The rechargeable battery, which so often lets us down at the worst moments, has been due for an overhaul for some time now. Indeed, scientists have been slaving away for years on a lithium-ion battery with a longer lifespan. But who would’ve thought that the inspiration for the most promising new design would come from inside a pomegranate?
Developed over the course of eight years by a team at Stanford and the Department of Energy’s SLAC National Accelerator lab, this new battery houses silicon nanoparticles clustered inside like pomegranate seeds within a rind of carbon.
Similar to the way pomegranate fruits pack more antioxidant punch than blueberries, silicon anodes (a battery’s negative electrodes) can store 10 times more charge than the graphite anodes currently used in lithium-ion batteries. But historically, silicon has proved difficult to use in batteries, because it gets brittle and breaks easily. Additionally, silicon reacts with other chemicals in batteries, creating a gunk that eventually kills the whole system. The designers at Stanford solved this problem by encasing the silicon nanoparticles in a cozy membrane of carbon—much like the way pomegranate seeds are housed within a squishy pulp. During charging, the silicon seeds can swell within the membrane, lessening breakage and reducing gunky interactions between silicon and other battery chemicals.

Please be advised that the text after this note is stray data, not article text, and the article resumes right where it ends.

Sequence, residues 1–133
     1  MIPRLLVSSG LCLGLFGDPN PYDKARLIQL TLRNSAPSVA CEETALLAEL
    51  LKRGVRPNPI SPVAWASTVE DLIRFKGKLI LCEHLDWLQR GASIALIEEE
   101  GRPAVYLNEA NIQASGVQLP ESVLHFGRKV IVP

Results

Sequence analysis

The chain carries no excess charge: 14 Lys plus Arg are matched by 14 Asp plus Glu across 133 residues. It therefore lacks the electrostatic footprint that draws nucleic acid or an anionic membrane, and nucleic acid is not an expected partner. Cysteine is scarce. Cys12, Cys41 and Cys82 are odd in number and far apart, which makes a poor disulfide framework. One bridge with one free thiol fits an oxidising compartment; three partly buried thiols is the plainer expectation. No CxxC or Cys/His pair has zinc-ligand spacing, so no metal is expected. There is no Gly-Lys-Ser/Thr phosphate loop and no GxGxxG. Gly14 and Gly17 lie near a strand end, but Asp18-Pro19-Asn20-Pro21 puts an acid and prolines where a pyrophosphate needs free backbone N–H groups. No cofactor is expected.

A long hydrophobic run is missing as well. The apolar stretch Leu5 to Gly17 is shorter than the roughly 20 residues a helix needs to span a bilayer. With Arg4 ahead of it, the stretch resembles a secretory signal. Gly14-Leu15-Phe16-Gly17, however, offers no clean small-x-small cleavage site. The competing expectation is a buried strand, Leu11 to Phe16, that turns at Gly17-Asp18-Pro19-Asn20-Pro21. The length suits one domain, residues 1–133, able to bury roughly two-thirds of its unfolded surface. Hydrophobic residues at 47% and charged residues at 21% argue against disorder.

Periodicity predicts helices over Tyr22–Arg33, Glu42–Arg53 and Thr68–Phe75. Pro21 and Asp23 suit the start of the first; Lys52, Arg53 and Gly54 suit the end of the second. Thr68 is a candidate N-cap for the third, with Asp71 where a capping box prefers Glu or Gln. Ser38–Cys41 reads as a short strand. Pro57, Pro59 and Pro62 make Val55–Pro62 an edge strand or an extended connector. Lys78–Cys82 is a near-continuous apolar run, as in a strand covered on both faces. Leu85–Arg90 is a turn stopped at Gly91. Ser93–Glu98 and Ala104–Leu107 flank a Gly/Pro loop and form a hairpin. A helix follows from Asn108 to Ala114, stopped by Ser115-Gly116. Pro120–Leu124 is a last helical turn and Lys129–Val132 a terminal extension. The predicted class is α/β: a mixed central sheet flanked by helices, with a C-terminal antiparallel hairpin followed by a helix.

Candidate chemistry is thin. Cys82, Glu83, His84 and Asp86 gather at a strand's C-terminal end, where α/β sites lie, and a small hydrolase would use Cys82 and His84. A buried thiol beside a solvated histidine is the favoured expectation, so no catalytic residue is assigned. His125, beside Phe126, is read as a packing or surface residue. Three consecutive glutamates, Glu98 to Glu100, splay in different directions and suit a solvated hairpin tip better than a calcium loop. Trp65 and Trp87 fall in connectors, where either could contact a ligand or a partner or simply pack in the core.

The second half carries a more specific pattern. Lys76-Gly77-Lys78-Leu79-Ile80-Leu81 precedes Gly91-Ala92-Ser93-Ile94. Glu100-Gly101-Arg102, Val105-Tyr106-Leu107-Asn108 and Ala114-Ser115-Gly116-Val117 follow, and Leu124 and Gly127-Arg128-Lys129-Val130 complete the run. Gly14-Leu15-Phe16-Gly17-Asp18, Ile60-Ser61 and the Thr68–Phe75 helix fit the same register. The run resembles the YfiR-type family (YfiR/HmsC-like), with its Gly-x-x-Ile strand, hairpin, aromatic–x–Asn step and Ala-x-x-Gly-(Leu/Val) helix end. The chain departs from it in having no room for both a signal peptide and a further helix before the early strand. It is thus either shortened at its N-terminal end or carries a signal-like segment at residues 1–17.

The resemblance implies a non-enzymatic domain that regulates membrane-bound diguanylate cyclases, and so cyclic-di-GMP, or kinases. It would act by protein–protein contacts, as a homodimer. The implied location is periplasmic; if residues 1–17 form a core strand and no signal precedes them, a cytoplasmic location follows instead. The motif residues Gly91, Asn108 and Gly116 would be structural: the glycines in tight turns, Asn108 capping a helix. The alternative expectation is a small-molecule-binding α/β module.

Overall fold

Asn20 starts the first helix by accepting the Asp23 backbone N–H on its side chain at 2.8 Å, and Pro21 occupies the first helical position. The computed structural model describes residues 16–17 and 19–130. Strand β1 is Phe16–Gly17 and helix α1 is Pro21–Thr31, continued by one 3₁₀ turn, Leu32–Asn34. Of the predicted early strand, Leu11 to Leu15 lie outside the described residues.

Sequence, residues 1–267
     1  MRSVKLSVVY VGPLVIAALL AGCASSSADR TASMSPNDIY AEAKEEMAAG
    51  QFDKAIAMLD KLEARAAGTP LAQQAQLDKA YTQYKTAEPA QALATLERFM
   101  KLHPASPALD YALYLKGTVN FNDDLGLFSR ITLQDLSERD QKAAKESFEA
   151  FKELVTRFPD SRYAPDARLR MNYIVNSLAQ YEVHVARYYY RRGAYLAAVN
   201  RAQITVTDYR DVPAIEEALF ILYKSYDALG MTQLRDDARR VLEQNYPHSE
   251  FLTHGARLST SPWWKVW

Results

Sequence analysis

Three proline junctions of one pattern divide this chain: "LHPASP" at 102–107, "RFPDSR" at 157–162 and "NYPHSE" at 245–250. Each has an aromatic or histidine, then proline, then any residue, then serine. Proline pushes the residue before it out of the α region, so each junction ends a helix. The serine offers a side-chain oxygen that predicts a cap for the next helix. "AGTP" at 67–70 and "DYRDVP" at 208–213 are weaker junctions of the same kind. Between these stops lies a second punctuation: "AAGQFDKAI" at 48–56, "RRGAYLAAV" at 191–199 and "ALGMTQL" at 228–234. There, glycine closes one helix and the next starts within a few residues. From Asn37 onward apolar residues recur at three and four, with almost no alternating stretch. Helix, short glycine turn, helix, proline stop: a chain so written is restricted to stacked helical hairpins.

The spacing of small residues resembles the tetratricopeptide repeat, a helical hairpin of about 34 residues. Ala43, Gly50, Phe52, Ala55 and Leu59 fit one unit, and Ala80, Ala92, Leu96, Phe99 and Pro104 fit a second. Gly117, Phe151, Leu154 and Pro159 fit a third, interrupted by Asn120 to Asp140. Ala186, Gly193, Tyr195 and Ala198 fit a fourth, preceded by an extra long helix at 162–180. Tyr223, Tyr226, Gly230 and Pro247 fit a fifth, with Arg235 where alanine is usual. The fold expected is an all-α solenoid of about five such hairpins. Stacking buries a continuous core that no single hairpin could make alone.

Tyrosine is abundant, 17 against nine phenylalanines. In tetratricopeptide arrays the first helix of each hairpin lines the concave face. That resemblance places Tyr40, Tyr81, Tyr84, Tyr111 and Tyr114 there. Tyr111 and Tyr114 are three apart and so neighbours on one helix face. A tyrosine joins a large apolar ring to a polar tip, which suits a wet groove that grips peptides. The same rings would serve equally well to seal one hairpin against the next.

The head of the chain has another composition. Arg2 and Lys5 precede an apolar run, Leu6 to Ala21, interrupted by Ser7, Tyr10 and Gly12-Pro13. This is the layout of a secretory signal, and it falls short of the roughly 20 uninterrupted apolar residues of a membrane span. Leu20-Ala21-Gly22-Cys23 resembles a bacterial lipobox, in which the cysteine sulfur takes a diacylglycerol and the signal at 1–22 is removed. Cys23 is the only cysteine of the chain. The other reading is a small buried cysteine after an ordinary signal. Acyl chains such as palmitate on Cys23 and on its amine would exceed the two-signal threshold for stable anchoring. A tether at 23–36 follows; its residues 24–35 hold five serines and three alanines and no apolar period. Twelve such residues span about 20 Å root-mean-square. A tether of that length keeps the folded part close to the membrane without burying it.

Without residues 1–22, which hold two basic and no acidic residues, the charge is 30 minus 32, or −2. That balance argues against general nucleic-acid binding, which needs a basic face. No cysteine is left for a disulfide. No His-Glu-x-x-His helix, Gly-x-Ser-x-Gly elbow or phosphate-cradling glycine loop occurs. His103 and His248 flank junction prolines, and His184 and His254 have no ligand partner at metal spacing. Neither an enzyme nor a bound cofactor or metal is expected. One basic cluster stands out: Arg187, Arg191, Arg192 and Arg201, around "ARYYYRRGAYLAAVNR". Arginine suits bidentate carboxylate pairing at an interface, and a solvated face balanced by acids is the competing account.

"Experiments showed our pomegranate-inspired anode operates at 97% capacity even after 1,000 cycles of charging and discharging, which puts it well within the desired range for commercial operation," said Yi Cui, associate professor at Stanford and lead researcher, in a press release. "While a couple of challenges remain, this design brings us closer to using silicon anodes in smaller, lighter and more powerful batteries for products like cell phones, tablets and electric cars."
It might be a few years before you’re charging your very own pomegranate battery—the designers are still perfecting the design and are sourcing cheaper silicon particles to make it affordable for the consumer market. But however long it takes, it's an exciting step in battery design. It appears this hyped superfood is good news not just for the health world, but for the tech world, too.